to defend Josiah from the charge of wilfulness; but The Kishon rises at the foot of Mount Tabor, and the difficulties which attend his view of the subject after winding, with many a graceful sweep, through are as obvious and perplexing as those which he seeks Esdraelon, falls into the Mediterranean Sea at the to remove. Wide and deep was the mourning which Bay of Acre. As it is fed by many small mountain the death of good Josiah caused. He had risen as a streams, it is subject to many overflowings. “When reformer in Judah; and during his reign the hearts we reached the banks of the Kishon," writes Carne, of his people were cheered with the hope that God in his delightful Letters from the East, much would yet again make his face to shine upon Jerusaswollen at this time by the heavy rains, we could not lem, and revisit the land with its former greatness. find a ford to cross over; by going much lower down, Good men bewailed his fall: "Jeremiah lamented for however, we at last succeeded, and, crossing part of Josiah : and all the singing men and the singing the plain, wound up the hills till the night fell." i women spake of Josiah in their lamentations to this
day, and made them an ordinance in Israel." In Ha of the earth, and of the whole world, to gather thera dadrimmon, especially-a town in the vale of Me to the battle of that great day of God Almighty. giddo_the wailing was loud and long-continued; and The unclean spirit which comes out of the mosth hence, as in Zech. xii. 11, the mourning of Hadad- of the dragon, that old serpent the devil, may fitly rimmon became proverbial for any extraordinary represent a spirit of hellish enmity, which Infidelity lamentation. Already has there been “a great often breathes against evangelical religion. By the mourning in Jerusalem-a spiritual mourning, as the unclean spirit which comes out of the mouth of the mourning of Hadadrimmon, in the valley of Me- beast-an immoral civil power—we may understand giddo"-when, on the day of Pentecost, the assembled that unprincipled expediency which leads worldly thousands, directed by the preaching of Peter, looked politicians to seek their own selfish and party ends to Him whom they had pierced, and with wicked at the expense of truth and righteousness; while hands had crucified and slain; and when they were the unclean spirit which comes out of the mouth of the pricked in their hearts, and, like men astonished, anxi- false prophet-the Papal hierarchy-may designate ously asked, “ Men and brethren, what shall we do?” the deadly and spreading power of Jesuitisin, which In almost every instance where a general revival of re numbers even now its forty thousand emissaries ligion takes place, there is much of tenderness and Through the combined influence of these corrupt visible mourning. The place becomes a Hadadrim- principles-false religion, worldly policy, and In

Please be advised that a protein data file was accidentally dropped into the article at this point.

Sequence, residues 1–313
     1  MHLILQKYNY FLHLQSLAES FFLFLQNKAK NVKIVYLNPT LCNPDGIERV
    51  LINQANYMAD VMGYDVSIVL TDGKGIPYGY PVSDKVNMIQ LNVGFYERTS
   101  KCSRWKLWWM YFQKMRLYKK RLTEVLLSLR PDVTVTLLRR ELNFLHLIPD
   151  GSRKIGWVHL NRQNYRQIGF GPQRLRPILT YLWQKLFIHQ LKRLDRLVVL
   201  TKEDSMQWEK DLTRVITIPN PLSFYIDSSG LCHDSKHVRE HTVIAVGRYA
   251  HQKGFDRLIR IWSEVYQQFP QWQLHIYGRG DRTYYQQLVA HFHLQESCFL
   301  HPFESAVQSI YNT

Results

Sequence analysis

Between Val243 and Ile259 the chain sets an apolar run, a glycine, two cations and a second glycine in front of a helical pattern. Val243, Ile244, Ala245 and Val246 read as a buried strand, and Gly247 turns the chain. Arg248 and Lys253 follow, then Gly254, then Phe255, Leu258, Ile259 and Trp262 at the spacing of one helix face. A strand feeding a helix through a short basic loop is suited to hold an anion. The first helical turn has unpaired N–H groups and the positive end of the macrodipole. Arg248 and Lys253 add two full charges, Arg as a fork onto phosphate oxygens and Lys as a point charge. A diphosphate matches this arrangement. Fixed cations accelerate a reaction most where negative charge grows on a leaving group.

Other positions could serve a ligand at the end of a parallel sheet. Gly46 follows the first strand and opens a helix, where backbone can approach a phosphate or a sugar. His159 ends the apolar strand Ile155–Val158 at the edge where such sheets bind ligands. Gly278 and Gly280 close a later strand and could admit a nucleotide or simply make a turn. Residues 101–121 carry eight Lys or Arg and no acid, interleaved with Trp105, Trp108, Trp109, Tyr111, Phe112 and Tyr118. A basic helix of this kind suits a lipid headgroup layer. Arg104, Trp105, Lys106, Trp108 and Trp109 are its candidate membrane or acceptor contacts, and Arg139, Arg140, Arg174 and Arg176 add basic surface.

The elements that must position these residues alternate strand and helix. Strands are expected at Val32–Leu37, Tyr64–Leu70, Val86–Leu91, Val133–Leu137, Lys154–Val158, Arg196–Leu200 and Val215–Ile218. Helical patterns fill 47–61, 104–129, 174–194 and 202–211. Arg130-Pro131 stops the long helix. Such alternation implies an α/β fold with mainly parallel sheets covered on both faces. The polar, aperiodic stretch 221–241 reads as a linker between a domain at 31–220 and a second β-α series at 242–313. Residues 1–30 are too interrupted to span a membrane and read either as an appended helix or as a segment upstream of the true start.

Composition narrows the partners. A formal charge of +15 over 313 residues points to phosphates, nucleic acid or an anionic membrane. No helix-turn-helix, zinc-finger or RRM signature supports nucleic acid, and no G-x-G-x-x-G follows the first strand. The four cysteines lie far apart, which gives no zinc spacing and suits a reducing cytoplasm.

We have heard the sound of such lamentations fidelity—will Antichrist's unholy league be formed. in our own times. “ The most distinguishing feature 21, We have the opposing forces in this great comof this kind,” says Mr Macbride, in his account to bat distinctly described. On the one hand is so the Assembly of the revival at Knapdale, “is mourn the rider on the white horse, whose eyes are as a ing; for there has been weeping to a degree 1 | flame of fire, whose head is crowned with many never witnessed in any case before. I honestly con crowns, whose clothing is a vesture dipped in blood, fess, that I did not think nature capable of such and on whose vesture and thigh is this name written, weeping-that one could weep so long, or shed tears KING OF KINGS, AND LORD OF LORDS. The Captain in such abundance. The reason of such mourning, is glorious—his company is goodly. The armies when asked, they readily acknowledged to be sin which were in heaven followed him upon white horses, sin of heart and life.” But “the mourning of Ha- clothed in fine linen, white and clean. On the other dadrimmon” is yet awaiting its full manifestation. hand are seen the deep and dark lines of Antichrist. Then shall it be seen, when Israel shall be restored. The beast and the kings of the earth, and their armies Then will the Jewish mind be stirred to its lowest -captains, and mighty men, free and bond, smal depths; and when, after the woes of their outcast and great-all gathered together to make war against state, they shall be brought again to Jerusalem, the him that sat on the horse, and against his army. sight of Calvary will recall, with freshened feeling, Dreadful will be the shock of battle in that great the Saviour whom their fathers had crucified, and day of God Almighty; for the conflict is not alone whom themselves had rejected; and looking on Him with flesh and blood, but with principalities and whom they have pierced, will they lift up their voice powers with the rulers of the darkness of this world as one man, and mourn with a great and grievous --with wicked spirits in high places. It is the lamentation.